On a depressingly grey London day I came to the very impressive (in a good way) Mandarin Oriental in Knightsbridge. Foliage, the Hotel’s restaurant was designed by Adam Tihany and is now the realm of Chris Staines. Staines worked with Marco Pierre White and with Nico Ladenis before coming to Foliage in the early 2000’s.
During the last few months one didn’t hear a lot from this restaurant and Food Snob and I decided to see what they had on offer. At 12h we enter the room, are the first to be there and directly greeted by the excellent manager, Arno Liebscher. After having been seated, we decide to let the chef decide, as we wouldn’t have been able to decide on what to have anyway.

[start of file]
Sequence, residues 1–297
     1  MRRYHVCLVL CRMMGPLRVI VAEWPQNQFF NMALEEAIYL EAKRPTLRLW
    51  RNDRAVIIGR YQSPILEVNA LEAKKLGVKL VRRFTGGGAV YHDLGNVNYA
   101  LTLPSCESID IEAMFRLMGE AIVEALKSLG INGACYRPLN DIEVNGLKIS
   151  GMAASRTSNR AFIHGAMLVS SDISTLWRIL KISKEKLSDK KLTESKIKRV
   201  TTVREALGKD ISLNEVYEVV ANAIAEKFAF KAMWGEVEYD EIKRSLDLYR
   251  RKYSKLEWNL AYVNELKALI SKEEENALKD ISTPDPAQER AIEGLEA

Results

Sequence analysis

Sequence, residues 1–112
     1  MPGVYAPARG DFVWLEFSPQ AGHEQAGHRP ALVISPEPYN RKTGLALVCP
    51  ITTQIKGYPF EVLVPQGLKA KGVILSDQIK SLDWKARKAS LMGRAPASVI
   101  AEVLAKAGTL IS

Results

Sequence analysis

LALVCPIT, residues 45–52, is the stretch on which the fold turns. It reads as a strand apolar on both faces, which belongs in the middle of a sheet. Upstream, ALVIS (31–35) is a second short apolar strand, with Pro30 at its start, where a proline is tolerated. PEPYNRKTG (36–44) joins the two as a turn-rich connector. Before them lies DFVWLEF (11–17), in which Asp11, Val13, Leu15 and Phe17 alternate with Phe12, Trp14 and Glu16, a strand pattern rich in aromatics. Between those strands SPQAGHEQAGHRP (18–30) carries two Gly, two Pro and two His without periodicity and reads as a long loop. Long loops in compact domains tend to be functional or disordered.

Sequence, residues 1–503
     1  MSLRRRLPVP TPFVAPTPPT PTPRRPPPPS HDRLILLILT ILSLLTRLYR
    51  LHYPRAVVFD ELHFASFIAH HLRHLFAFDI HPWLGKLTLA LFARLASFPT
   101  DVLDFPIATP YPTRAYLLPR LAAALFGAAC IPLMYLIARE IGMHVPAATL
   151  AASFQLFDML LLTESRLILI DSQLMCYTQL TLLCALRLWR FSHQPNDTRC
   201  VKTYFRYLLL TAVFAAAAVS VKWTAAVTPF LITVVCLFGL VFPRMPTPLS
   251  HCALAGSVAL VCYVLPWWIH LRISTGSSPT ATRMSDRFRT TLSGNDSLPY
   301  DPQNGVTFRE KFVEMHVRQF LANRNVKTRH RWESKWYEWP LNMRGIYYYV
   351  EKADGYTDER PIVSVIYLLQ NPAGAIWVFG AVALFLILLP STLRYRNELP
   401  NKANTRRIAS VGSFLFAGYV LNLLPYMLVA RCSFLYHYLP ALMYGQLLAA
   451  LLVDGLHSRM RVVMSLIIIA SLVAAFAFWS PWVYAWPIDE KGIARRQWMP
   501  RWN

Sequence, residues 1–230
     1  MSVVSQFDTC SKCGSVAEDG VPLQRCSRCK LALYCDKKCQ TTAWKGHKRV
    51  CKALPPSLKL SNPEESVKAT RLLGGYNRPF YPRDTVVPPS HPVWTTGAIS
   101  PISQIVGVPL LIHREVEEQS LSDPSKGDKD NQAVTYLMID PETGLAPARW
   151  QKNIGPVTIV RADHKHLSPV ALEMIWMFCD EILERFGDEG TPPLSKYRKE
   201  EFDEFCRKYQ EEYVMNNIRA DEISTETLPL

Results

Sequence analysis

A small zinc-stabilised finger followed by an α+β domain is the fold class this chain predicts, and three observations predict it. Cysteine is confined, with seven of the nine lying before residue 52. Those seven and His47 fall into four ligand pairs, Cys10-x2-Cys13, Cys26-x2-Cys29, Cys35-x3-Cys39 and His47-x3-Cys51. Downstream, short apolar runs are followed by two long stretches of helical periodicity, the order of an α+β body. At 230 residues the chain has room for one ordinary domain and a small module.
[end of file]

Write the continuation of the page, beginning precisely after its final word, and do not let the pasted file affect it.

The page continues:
To accompany our champagne we were served some salmon with ponzu jelly. Very good quality salmon, cut from the heart of the fillet slipped into a sheet of Ponzu jelly. A most pleasant little bouchee, which lets you see the philosophy behind Staines’ cooking: Very good products, faultless technical execution, clear, often strong flavours and very clean presentation.
Bread is delivered by Poilane, butter by Jean Yves Bordier from Saint-Malo, who also counts Passard, Ducasse and countless others as his clients. Both were very good, except for a walnut bread, sliced extremely thinly and a mediocre baguette.
The amuse bouche consisted of a lentil ragout, with shredded Peking duck, a cream of potatoes and croutons. Here again you had very clean, strong flavours, precise seasoning and a nice interaction between the individual elements.